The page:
The clash within civilisation
Hate tore apart the world, different types of hate will bring it back together
I watched Come from Away just before Christmas, one of the most heart-warming things I’ve ever seen. If you’re not smiling from ear to ear by the end of the show, you’re a replicant and need to hand yourself in to the nearest bladerunner.
The musical, about the airline passengers stranded in Newfoundland after the 9/11 attacks, epitomises those aspects of the North American character that is most attractive to outsiders: their optimism, friendliness and belief that our common humanity will triumph.
Yet it’s striking how Come from Away, written about a decade years ago, recalls an era that already feels ancient. Only 20 years after the Iraq War, the Islamic and western worlds seem far less in a state of tension, and Arabic has a much less threatening tone in western minds (especially those nervous about flying). Words with troubling implications like sharia, fatwa and jihad used to litter the public sphere, but today it’s all just inshallah.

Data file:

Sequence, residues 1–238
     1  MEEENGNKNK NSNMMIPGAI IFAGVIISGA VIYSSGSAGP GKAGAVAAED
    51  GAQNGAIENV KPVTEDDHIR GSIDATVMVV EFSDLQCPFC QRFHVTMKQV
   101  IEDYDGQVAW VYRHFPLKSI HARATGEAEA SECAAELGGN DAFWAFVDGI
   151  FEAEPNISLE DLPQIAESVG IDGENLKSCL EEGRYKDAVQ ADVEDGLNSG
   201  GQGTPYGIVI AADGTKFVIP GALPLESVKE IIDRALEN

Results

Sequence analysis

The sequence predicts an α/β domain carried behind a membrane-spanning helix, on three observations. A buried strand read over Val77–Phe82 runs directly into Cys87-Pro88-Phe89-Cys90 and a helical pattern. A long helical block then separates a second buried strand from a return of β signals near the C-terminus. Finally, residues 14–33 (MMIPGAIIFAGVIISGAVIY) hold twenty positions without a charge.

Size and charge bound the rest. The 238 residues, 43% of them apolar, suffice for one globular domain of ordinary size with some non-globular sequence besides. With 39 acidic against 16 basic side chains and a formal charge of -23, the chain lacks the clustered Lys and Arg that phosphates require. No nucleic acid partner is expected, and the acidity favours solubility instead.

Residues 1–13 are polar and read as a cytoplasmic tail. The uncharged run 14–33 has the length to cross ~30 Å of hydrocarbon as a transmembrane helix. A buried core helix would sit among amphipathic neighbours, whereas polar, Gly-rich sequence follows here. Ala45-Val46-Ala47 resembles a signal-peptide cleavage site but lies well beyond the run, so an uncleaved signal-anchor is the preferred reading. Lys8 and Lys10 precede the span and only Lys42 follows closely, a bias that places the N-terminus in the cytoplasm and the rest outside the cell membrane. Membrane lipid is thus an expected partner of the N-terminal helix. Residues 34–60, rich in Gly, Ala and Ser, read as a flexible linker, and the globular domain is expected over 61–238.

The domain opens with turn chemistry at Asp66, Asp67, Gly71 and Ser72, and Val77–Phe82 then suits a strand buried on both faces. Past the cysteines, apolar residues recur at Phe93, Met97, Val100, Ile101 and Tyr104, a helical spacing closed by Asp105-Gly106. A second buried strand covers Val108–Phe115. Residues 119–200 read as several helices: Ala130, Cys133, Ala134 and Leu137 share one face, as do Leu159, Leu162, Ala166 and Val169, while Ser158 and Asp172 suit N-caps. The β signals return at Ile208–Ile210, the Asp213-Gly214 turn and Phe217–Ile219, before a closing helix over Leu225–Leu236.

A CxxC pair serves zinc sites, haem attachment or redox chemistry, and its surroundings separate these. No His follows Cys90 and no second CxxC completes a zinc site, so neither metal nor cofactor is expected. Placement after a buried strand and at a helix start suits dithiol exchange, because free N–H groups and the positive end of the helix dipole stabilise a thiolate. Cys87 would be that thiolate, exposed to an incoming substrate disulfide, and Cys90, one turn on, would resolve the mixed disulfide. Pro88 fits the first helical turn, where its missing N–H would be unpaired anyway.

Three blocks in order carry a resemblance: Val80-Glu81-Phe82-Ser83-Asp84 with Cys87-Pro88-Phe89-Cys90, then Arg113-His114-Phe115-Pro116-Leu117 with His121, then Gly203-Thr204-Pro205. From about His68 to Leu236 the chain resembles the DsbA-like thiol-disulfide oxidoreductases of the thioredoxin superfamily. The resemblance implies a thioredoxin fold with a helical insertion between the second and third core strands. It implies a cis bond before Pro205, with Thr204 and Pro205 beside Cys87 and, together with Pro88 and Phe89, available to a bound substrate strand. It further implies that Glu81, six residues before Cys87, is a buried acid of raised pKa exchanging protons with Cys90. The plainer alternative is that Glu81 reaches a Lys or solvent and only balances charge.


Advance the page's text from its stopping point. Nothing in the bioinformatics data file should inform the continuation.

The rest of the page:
In case anyone reading this optimistic analysis thinks they’ve accidentally opened the wrong email, the downside of this trend is that the West feels far more divided within itself than in 2003, even with the threat of Russia and China. If western conservatives in particular seem more well-disposed to Islam than they were in the past, it’s because today the most dangerous ideology is thought up, articulated and spread not by Arabic but by English. Where global English goes, idiocy and insanity follows.
Just as globalisation helped spur the modern but anti-modern ideology of Islamism, so technology might be realigning the world, moving Islam and western conservatives towards a new understanding and sympathy. It’s just a theory, but stranger things have happened.